in fact…
wait for it…
are you ready?
It is, none other than …
Elihas Starr!

If you are like my viewing-buddy who still don’t understand why I’d be cracking up, here’s the picture I had to stop the movie to show him:


Yes, that’s right. Elihas Starr, a.k.a. Egghead. Former archenemy of none other than Ant-Man, in this film he not only was “one of SHIELD’s brightest scientists” at some point (are all of their scientists this by now?), he was in fact the Black Widow’s love interest. In fact, his love interest is what fuels his descent into super-villainy so that he can prove himself worthy of her, as she’s always galavanting off into adventures instead of paying attention to him. In fairness, here’s what he looks like according to Madhouse studios:


So anyway, his mad scientist love is revealed at the end of Act II, as I said, which surprises everyone out of the blue, including, it seems, the Black Widow herself, and thus it all comes out as kind of pathetic. After waiting through more exposition and being introduced to the MacGuffin, you almost think that the Widow will use some super-spy skills to ingratiate herself to the organization (and you almost sympathize with Starr’s anti-SHIELD rhetoric), but no, it’s really just a big fight between them, because Starr has, like any good mad scientist, experimented on himself, and the Widow has to escape with help from the Punisher.

I’ll admit it– the film had me on the edge of my seat. But not for the reasons the filmmakers hoped, I think. I kept waiting for Starr to actually transform into Egghead with, you know, an actual egg-shaped head, but no, sorry. More strangely, in Act V, the Black Widow suddenly starts interacting with Starr as if she’s been in love with him all along! Wa-waaah! There was no reason for him to join with the bad guy terrorist organization or experiment on yourself anyway! As if that’s not tropey enough, Widow gets to hold him in her arms as he lays dying from trying to save her from the Big Bad, named Orion, in the final showdown. (Is it giving them too much credit that the villains are named Starr and Orion?) The villain is taken down in one final blow, of course, by the Punisher with a stab in the eye, so Widow and Starr can share those last moments of his death together.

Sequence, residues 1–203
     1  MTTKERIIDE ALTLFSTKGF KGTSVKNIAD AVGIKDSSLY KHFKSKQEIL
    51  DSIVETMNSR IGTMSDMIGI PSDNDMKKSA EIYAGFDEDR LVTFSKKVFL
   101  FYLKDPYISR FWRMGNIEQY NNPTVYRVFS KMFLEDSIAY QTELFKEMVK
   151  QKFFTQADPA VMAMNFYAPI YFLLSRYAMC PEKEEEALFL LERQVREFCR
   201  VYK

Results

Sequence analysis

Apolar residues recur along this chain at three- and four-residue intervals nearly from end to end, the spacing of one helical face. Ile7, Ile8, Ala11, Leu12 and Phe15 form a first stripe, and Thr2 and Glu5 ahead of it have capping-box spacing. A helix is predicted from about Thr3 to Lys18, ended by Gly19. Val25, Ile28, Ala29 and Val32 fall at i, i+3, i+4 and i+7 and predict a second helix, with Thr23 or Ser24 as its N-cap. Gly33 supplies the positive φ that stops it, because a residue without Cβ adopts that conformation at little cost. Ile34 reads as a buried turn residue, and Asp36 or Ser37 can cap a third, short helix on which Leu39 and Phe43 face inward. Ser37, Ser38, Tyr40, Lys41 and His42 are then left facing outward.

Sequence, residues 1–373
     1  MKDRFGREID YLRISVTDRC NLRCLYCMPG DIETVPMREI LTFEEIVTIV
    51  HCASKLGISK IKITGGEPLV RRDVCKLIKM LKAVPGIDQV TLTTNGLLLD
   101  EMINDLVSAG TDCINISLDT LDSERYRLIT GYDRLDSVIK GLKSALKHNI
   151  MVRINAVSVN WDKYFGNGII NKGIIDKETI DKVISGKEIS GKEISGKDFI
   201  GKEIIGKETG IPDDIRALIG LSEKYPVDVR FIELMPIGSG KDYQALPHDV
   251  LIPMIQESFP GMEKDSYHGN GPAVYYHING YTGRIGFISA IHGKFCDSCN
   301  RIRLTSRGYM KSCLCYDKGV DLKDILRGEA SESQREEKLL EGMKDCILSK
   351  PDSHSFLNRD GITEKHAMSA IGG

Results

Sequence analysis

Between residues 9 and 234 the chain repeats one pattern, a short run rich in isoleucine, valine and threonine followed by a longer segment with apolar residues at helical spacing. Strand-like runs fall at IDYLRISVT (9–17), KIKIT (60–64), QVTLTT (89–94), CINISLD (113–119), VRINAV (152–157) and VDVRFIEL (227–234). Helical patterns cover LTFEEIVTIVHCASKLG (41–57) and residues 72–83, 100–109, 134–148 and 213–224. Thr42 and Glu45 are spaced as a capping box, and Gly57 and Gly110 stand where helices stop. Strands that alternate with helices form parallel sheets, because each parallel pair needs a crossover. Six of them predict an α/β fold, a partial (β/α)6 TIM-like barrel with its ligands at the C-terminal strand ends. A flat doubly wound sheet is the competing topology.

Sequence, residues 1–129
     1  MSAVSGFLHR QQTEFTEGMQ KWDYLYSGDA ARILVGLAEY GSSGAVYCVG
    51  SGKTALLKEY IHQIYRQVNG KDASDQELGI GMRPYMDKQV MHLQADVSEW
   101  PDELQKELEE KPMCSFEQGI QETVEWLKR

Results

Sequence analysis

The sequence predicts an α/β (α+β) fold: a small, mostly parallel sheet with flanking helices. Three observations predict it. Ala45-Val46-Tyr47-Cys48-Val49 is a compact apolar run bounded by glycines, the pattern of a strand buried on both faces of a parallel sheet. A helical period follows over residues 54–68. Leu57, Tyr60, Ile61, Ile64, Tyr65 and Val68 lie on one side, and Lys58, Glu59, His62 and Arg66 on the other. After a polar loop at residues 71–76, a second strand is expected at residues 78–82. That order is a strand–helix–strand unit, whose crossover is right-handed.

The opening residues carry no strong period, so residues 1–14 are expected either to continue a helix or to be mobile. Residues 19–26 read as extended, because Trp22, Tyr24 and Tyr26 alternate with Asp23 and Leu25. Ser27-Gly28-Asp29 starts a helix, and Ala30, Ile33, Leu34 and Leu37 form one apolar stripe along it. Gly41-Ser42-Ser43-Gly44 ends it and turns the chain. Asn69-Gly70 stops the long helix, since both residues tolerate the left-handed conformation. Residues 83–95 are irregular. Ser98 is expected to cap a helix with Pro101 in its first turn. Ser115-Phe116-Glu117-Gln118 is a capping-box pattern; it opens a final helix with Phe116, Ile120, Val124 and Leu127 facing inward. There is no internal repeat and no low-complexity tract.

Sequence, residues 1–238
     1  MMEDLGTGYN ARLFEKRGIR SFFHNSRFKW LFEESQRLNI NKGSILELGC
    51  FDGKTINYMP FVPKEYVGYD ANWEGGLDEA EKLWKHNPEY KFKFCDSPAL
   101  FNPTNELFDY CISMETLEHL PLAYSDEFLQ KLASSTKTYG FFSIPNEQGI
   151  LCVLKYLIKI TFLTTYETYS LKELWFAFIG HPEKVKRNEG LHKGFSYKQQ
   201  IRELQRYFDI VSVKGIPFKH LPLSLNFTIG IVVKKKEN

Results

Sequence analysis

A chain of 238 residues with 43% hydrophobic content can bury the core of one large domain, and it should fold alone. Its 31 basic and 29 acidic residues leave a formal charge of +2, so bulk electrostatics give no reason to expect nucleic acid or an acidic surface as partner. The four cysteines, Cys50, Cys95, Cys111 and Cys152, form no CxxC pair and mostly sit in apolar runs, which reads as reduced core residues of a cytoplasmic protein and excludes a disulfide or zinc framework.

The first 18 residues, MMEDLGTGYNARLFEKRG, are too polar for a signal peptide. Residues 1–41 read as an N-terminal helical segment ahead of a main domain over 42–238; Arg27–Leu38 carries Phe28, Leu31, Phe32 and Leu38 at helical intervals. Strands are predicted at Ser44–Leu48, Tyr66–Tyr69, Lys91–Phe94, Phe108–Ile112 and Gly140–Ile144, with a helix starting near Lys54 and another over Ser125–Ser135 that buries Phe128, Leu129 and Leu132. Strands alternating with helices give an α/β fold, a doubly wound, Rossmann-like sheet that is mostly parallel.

As you can see, if you care about Women’s Studies critiques, this is not the film for you. The Black Widow appears like a capable character, but in fact does very little on her own. Although she can go toe-to-toe in a fight against the Punisher or even against Starr or Orion, these fights are actually taken over and triumphed by a male character instead. The first one? Her fight against the Punisher is interrupted by Nick Fury. The second one? Her fight against the Punisher is stopped when Amadeus destroys the plot device. Against Starr? Starr actually beats her several times graphically in the stomach to send her flying over some rails, “luckily” being caught by the Punisher. Against Orion? Tropey McTropeson, I mean, Starr sacrifices himself by standing in the way of the fatal blow.

At this point, I’m wondering why she’s even in the film at all. She only holds off the Punisher until SHIELD captures him, but when the plot needs to go forward, she has to break him *out* of SHIELD in order to get to the next level. (Even though it’s been clearly demonstrated that the Punisher is brainwashed and can be triggered by the very people she is bringing them to.) She gets Amadeus motivated by promising him a kiss, I guess? That’s agency of plot, right? Moreover, her character isn’t notable in any way, as she only gives exposition or commentary, often in the form of a flippant remark. What is her basic character in this film, anyway? She just kind of does what she’s told, either directly from a character or meta-directly because of the dictates of the formulaic plot.